Ever since visiting Bermuda five years ago I’ve been in love with ginger beer. Having both a freshness and a heat all its own, this soda stands well apart from any of the typical American drinks.

Ginger beer, for those of you who haven’t experienced it, is akin to ginger ale but more complex, and flavor-wise it’s quite potent. The heat of the ginger spice flows up and through your nose just as a hot mustard might. One could–and rightly so–ask why I would discover ginger beer in Bermuda and comment that ginger is a Chinese spice. It is, it’s the root of the Zingiber officinale plant, which is indigenous to southern China [*], so what is the connect. Bermuda’s claim to ginger is not through the spice itself per se, but through the drink they make with it. The Dark and Stormy is the Bermudan national drink [citation needed] which is simply ginger beer mixed with Bermudian rum. This cocktail is a wonderful mashup of refreshing, soothing rum with the spice and heat of the ginger beer.

Recently I discovered that this exotic beverage can be made at home with only the simplest ingredients. The recipe I used was from epicurous and comprised of a surprisingly simple set of directions and ingredients:


ingredients

  • About 1/4 pound ginger, peeled
  • 1 cup sugar
  • 1 1/2 tablespoons fresh lemon juice
  • 1/4 teaspoon active dry yeast
  • About 2 quarts water

Equipment:

  • a Microplane grater; a funnel; a clean 2-liter plastic bottle with cap

preparation

Grate enough ginger using Microplane to measure 3 1/2 tablespoons, then put in a fine-mesh sieve set over a bowl to collect juice, pressing on solids and then discarding.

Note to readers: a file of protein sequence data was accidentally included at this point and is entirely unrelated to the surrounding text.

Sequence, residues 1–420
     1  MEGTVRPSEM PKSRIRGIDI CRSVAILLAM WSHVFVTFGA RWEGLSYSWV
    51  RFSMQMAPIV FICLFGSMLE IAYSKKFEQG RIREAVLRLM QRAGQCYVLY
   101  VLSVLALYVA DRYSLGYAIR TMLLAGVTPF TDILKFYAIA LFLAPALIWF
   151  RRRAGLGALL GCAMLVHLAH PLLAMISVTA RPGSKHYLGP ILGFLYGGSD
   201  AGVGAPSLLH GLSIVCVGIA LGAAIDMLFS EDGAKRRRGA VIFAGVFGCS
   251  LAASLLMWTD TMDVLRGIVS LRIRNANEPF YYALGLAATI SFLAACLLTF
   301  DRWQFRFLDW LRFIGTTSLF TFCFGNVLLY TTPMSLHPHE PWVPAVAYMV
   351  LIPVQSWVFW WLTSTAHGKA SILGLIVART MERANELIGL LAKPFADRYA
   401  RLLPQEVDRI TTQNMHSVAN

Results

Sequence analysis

Place funnel in neck of bottle and pour in 3 tablespoons ginger juice (reserve any remaining for another use). Add sugar, lemon juice, yeast, and a pinch of salt.

Fill bottle with water, leaving about 1 1/2 inches of space at top. Remove funnel and screw cap on tightly. Gently shake bottle to dissolve sugar.

Let stand at room temperature until plastic feels hard and no longer indents when squeezed, 24 to 36 hours.

Chill ginger beer until very cold.


 

— via epicurious

Just as most of my culinary adventures end up, I used this recipe as a guiding principle and ultimately didn’t measure anything but the cup of sugar. I figure that the amounts of the different ingredients are far less important than their ratio anyway.

While the concoction is still brewing, and I want to let it mature for a day or two in the fridge, my initial impressions are positive. The taste is spot on, and the lack of carbonation that accompanies any homemade product is far from a detriment. The only draw-back from this round of testing will be the relative lack of heat compared to what I was hoping for, but even that is encouraging. With a simple adjustment in quantity of ginger used, the method of ginger preparation, or the amount of water added can all remedy this simple failing. Overall the brew is a nice alternative to the commercial varieties that I’ve tried, and the testing is just getting started.